Alan Mathison Turing

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The following article is from The Great Soviet Encyclopedia (1979). It might be outdated or ideologically biased.

Turing, Alan Mathison


Born June 23, 1912, in London; died June 7,1954, in Wilmslow, near Manchester. British mathematician. Fellow of the Royal Society (1951).

Turing graduated from Cambridge University in 1935. He received his Ph.D. from Princeton University, which he attended from 1936 to 1938. Turing worked in the British Foreign Office from 1939 to 1945. From 1945 to 1948 he was on the staff of the National Physical Laboratory, and from 1948 to 1954 he was affiliated with the University of Manchester. Turing’s principal works are on mathematical logic and computer mathematics. In 1936 and 1937 he introduced a mathematical concept that amounted to an abstraction of the notion of an algorithm and made possible a more precise definition of a computable function. This concept later became known as the Turing machine. During the last years of his life he worked on mathematical problems of biology.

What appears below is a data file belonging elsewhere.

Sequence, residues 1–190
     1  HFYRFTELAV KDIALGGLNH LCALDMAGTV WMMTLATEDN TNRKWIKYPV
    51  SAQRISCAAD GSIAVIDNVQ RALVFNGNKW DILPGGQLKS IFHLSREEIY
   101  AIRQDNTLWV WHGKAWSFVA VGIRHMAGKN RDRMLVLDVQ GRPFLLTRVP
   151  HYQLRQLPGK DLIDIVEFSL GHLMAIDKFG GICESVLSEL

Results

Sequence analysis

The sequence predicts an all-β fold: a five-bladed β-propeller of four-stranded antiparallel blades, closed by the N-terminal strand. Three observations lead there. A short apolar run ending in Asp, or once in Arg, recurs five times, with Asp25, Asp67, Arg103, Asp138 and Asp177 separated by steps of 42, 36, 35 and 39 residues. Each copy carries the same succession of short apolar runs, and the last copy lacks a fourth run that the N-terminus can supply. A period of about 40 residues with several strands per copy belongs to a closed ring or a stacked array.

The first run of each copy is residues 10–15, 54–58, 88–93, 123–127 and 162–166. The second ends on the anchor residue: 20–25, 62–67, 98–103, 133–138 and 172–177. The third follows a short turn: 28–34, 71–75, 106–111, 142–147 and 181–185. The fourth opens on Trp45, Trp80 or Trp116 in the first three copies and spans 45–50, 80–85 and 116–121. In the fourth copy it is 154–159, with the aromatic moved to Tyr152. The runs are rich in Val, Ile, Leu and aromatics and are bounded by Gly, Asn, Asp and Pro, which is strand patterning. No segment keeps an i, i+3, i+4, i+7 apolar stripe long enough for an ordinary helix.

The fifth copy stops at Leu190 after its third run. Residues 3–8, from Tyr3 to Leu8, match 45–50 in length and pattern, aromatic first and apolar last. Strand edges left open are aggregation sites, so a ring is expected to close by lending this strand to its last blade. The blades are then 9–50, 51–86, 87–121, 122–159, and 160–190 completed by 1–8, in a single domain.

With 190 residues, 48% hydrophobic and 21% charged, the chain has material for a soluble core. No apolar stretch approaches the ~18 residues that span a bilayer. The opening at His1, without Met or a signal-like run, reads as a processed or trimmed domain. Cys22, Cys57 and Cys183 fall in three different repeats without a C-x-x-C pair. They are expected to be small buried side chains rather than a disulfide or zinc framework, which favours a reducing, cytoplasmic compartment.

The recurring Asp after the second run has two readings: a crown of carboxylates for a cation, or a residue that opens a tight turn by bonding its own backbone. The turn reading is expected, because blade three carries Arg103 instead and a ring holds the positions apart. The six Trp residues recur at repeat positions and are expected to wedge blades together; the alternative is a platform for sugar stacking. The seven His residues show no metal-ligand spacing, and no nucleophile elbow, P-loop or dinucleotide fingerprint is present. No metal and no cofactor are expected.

Kleene, S. C. Vvedenie v metamatematiku. Moscow, 1957. (Translated from English.)
Mashiny Tiuringa i rekursivnye funktsii. Moscow, 1972. (Translated from German.)
Trakhtenbrot, B. A. Algoritmy i vychislitel’nye avtomaty. Moscow, 1974.
Apokin, I. A., and L. E. Maistrov. Razvitie vychislitel’nykh mashin. Moscow, 1974.
The Great Soviet Encyclopedia, 3rd Edition (1970-1979). © 2010 The Gale Group, Inc. All rights reserved.
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